A migraine isn’t just a really bad headache, it’s much more intense. The invisible illness causes such debilitating symptoms as throbbing or pulsing pain, nausea and vomiting, extreme sensitivity to light and sound, and visual disturbances. Effects range in severity and can last for hours or even days.
The worst cases can dramatically interfere with everyday life — many times, extreme pain sidelines those who have migraine, rendering them unable to work or engage in routine activities. What’s more, the onset of a migraine is seldom predictable, causing many to cancel plans or avoid stimulating social engagements altogether. Laying still in a cool, dark room when a migraine hits is sometimes the only way to ride one out.
According to the Centers for Disease Control and Prevention (CDC), migraine, a neurological disease affecting over 15% of Americans, is one of the most prevalent illnesses worldwide. Despite its pervasiveness, migraine can be tough to treat effectively. Common remedies include over the counter and prescription medications (used to stop a migraine once it starts) and preventive medications taken daily to prevent them from occurring.
While useful for some, these medications are not fool-proof. Some have also found holistic remedies like acupuncture, essential oils and massage helpful in reducing symptoms. Another tool you may want to add to the list? Mindfulness meditation.
Mindfulness Meditation as a Tool To Reduce Stress
Migraine triggers are abundant: caffeine, alcohol, foods like chocolate and cheese, artificial sweeteners and MSG; even changes in weather, dehydration, poor sleep or certain medications can cause a migraine. Stress, though, is the most common precursor to a migraine — it’s a trigger for up to 80% of the millions affected.
A recent, small study suggested mindfulness meditation may temper underlying stress that so often contributes to a migraine’s onset. For some, adapting a regular practice of meditation can go a long way in decreasing the frequency and severity of an attack when it happens. If you experience the headaches, it’s worth a shot.
Shannon Albarelli, Ph.D., a New Jersey-based clinical psychologist and certified mindfulness and meditation instructor, described meditation as a “mindful approach to pain and pain management.” Dr. Albarelli recommended meditation as a preventative measure because it can help you lower your stress level when practiced regularly.
“Your stress response has to do with muscle tension — clenching your jaw and lifting your shoulders up,” Albarelli said. “Meditation helps bring mindfulness to that [stress] so you can learn to relax your body. When you can learn to relax your body, it’s much easier to relax your mind.”
Any moment of stress, big or small, is uncomfortable and unpleasant, so we try to avoid it at all costs, said Paul Fulton, Ed.D., a Massachusetts-based clinical psychologist and founding member of the Institute for Meditation and Psychotherapy. Though understandable, actively pushing away stress, pain and difficult emotions can actually make things worse. Practicing mindfulness helps you learn to tolerate more discomfort.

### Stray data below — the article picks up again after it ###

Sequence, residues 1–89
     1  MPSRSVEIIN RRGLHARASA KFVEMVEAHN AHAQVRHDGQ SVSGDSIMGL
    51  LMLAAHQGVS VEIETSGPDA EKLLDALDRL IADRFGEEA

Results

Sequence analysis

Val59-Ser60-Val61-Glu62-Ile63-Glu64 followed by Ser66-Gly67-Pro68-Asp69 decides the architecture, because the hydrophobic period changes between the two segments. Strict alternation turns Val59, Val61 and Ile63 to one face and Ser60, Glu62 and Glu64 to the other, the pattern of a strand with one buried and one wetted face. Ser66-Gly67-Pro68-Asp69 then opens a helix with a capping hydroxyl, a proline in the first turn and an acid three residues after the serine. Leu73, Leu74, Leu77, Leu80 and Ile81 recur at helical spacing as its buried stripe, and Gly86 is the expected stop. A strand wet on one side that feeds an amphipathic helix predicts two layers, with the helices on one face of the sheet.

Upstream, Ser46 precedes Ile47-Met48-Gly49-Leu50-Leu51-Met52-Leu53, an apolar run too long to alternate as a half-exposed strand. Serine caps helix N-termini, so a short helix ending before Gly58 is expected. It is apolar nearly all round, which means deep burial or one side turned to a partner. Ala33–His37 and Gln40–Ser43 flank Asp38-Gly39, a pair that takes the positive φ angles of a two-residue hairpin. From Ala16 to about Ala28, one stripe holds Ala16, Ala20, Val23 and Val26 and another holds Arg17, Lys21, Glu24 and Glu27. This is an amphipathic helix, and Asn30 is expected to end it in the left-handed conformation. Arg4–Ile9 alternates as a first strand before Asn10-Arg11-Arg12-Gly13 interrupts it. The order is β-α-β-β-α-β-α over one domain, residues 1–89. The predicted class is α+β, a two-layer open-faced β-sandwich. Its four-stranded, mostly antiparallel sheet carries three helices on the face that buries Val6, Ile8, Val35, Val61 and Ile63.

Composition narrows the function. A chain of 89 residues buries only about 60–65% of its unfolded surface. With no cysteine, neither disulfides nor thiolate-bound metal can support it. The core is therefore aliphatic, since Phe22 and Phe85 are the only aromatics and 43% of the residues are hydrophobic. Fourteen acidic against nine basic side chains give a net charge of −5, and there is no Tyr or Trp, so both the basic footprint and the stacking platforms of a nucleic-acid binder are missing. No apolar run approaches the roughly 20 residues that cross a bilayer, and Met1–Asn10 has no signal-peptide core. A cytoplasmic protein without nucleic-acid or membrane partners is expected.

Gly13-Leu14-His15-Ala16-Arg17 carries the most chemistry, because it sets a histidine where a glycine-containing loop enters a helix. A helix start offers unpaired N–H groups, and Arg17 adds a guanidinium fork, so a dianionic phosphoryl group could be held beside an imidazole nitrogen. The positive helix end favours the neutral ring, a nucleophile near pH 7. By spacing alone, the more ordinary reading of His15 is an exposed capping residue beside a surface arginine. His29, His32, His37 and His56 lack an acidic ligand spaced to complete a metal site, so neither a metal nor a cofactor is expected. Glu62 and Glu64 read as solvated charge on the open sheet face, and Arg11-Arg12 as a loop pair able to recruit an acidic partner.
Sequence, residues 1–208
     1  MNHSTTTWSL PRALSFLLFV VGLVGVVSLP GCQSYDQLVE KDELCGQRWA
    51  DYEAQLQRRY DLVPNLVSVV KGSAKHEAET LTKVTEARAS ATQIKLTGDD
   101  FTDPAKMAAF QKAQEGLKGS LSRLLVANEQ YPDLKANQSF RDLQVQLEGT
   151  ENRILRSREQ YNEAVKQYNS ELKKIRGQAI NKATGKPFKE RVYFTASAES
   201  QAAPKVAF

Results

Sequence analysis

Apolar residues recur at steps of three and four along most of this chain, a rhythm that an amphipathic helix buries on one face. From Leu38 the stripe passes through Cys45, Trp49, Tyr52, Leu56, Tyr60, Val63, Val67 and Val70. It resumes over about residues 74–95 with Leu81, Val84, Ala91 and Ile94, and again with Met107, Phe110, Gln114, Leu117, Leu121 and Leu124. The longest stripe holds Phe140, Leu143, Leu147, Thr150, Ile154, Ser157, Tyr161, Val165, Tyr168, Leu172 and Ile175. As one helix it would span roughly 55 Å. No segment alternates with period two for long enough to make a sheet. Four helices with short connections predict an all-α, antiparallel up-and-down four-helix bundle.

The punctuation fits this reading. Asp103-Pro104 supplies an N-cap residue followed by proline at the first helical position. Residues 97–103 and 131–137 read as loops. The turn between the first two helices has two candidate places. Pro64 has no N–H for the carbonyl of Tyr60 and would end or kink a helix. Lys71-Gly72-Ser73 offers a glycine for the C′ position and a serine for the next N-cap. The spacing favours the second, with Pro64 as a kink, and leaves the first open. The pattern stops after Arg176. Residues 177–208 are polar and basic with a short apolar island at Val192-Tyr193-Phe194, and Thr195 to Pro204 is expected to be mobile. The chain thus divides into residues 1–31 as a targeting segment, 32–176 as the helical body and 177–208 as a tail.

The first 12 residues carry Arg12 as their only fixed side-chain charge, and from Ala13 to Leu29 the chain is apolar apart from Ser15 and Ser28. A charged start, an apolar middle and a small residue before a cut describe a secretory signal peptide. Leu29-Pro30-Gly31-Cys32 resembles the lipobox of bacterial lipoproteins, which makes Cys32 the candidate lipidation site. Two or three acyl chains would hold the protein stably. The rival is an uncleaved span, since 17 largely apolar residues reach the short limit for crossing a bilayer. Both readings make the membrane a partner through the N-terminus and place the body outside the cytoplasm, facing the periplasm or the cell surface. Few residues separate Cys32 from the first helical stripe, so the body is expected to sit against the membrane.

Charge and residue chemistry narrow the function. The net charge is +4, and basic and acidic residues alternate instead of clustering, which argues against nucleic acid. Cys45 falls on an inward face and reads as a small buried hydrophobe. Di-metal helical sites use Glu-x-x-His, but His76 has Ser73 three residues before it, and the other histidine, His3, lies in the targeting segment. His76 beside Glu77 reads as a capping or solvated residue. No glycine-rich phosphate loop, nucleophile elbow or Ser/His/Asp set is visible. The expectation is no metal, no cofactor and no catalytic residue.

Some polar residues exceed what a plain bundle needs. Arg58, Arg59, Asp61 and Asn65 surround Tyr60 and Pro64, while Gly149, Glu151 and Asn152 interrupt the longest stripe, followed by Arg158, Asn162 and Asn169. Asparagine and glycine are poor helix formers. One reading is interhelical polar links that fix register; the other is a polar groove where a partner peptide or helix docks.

“If you have physical discomfort or impatience or irritability or anxiety, it is possible to turn toward those experiences in nonresistance,” Fulton said, adding:
If you temporarily stop and make space for it, the unpleasant experience will still be unpleasant, but the need to try to fix it, or reject it, or react against it is gone, and it’s possible to be in the middle of difficult situations and not be so troubled.
Starting a Meditation Practice Is Simple
Implementing a meditation practice is easy; it only requires willingness and time — even a few minutes a day goes a long way if you stick with it. This could be just taking “two minutes to slow your mind down, to close your eyes and not be on a screen, to take a deep breath — it’s still going to be beneficial,” Albarelli said.
For beginners, it’s really valuable to seek guidance, whether through a mediation app or an online instructor-led class, said Fulton. “Start small and slow. If you can do five minutes on a daily basis, that’s terrific.” Meditation apps such as Headspace or InsightTimer can be a great place to start.
While more mindfulness is always encouraged, your first priority should be finding a way to make it fit within your lifestyle as opposed to setting unachievable expectations. And don’t worry if you get distracted by your thoughts while practicing.
“Minds will wander, because that’s what they’re built to do,” Fulton said. “In a single sitting, it might happen dozens or hundreds of times. Most essential is that willingness to begin again and again.”
Regularly practicing mindfulness meditation can be a powerful way to counteract the migraine-triggering effects of stress. Still, it may not work for everyone, and there are other treatment that can help. If migraine headaches are interfering with your life, consult with your doctor or a headache specialist. To kick off a meditation practice, do what you can consistently.
“It’s like going to the gym for your mind. We’re really good at knowing how to exercise our body, but when it comes to our mind, we don’t have as many tools,” Albarelli said. “It’s almost like a power nap, but better.”